Southern Politics

That’s obviously a dismissive injunction; another way of saying “mind your own business.” However, directed at Congressman Paul Broun, M.D., it might well be a recipe for disaster, since, if his prescription for the economy is consistent with his medical perspective, Broun seems stuck in a medieval frame of mind–relying on blood-letting and, if the patient is already bleeding, the amputation of another limb.

(Photo by republicanconference)

But, don’t take my word for it. Here, with the subject heading, “Broun’s Bill to LOWER the Debt Ceiling,” is Broun’s prescription:

In the midst of our economic emergency, which is beginning to resemble a full-on Greece-style meltdown, every politician in America has taken to the soap box to say the exact same thing: We need to reduce our national debt and cut spending to get America back on track.

The next paragraph of this missive, which the physician/politician presumes to send to people from whom he refuses to accept communications (a most telling indication of the arrogance rampant on Capitol Hill), is equally hyperbolic, but isn’t really worth repeating. The image of the Greek islands melting just because fully thirty percent of Greek trade and exchange is evading being tapped by the tax man and, by extension, the control of the banksters, is not credible coming from a supporter of the free market. After all, avoiding government interference is what conservatives claim to want. Never mind that “every politician” is an inaccurate generalization. Since the alternative to debt is theft and money is made to be spent, the scenario from Broun’s soap box looks like the run-up to “the operation was a success, but the patient is dead.”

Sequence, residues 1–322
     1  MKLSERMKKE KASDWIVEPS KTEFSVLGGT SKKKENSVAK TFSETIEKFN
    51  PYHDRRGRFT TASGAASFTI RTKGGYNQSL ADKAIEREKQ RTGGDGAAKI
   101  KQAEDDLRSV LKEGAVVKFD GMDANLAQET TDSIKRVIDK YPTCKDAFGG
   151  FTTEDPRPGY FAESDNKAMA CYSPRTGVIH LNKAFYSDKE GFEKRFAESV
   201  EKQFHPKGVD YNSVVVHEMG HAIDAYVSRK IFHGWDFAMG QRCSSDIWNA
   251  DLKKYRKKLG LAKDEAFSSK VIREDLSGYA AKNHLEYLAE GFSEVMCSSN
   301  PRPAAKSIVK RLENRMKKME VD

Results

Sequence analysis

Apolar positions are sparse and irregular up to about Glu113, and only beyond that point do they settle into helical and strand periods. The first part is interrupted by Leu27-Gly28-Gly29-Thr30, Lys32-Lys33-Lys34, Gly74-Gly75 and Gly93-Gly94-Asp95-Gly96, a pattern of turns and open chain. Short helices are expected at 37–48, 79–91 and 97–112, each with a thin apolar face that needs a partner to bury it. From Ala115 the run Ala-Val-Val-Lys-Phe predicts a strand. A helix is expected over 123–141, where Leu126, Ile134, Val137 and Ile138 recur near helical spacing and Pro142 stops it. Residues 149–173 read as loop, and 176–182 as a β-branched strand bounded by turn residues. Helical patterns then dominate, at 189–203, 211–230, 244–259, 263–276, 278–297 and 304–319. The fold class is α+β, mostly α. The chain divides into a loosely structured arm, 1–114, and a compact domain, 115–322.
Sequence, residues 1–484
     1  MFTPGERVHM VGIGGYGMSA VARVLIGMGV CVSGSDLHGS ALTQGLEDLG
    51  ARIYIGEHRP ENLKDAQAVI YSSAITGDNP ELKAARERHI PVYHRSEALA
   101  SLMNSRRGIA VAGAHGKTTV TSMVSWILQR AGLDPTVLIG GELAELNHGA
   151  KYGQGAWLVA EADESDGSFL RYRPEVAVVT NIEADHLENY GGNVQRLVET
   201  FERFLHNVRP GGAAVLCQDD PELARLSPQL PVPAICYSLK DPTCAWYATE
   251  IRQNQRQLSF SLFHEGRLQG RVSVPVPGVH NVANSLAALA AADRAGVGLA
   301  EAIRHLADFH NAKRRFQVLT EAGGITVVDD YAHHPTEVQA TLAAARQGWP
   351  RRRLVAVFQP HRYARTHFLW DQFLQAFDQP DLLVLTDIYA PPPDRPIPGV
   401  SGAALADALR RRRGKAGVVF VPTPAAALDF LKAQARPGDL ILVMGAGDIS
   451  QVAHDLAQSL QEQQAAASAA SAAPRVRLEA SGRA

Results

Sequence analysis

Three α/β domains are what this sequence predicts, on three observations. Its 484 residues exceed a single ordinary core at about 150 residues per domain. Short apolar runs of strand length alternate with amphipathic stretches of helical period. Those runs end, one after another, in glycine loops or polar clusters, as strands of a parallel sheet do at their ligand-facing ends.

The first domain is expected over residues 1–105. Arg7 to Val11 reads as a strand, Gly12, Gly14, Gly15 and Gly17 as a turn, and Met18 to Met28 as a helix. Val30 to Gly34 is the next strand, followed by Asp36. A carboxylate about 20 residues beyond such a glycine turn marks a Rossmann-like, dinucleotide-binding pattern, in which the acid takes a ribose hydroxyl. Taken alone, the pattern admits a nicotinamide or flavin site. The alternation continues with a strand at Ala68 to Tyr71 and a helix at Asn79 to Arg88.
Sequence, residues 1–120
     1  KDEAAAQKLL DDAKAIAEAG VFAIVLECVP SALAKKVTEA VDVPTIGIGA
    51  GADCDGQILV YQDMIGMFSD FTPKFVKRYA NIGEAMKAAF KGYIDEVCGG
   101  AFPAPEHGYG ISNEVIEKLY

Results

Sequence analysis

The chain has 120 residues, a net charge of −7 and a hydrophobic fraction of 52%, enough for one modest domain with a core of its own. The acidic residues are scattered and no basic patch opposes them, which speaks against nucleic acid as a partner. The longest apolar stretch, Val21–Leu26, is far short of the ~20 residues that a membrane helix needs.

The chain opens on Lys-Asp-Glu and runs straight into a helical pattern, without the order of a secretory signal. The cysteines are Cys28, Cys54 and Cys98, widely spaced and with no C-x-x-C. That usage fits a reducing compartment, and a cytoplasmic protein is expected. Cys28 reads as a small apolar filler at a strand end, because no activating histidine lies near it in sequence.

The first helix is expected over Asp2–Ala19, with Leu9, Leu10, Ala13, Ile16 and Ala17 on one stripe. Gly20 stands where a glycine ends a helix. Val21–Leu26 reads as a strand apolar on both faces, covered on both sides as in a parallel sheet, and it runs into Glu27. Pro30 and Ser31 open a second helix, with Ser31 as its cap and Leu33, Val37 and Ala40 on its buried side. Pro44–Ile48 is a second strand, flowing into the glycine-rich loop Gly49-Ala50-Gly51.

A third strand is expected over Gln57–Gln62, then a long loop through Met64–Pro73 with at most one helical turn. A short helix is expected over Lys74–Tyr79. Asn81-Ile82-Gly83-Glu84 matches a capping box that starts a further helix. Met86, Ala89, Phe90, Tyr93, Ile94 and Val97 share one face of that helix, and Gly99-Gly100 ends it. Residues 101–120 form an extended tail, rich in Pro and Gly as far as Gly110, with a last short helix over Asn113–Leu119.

I do hope Doctor Broun isn’t still “practicing his love.” Sometimes mere words are preferable to surgical intervention.

Perhaps I’m just prejudiced. The first Georgia house we bought had previously been owned by people whose recipe for a leak in the roof was to lower the ceiling and put another layer over the rotting floors. So, just the idea of lowering the ceiling sets off warning bells. What a mess!


Monica Smith

Monica Smith writes Hannah's Blog. Born in Germany, she came to the United States as a child, living first in California, then after an interval in Chile, in New York. Married to a retired professor at the University of Florida, where she lived for 17 years, she moved to St. Simons Island, Georgia, in 1993 and now divides her time between Georgia and New Hampshire. (New Hampshire, she says, is always interesting during a presidential election.) She and her husband have three children and five grandchildren. Ms. Smith says she "learned long ago that I am not a good team player when I got hired at the Library of Congress, fresh out of college with a degree in political science and proficiency in four foreign languages, to 'edit' library cards and informed my supervisor that if she was going to insist I punch the clock exactly on time, my productivity was going to fall from being the highest to being the same as everyone else's. The supervisor opted to assign me to another building where there was no time-clock. After I had the first of our three children, I decided a paycheck wasn't worth the hassle."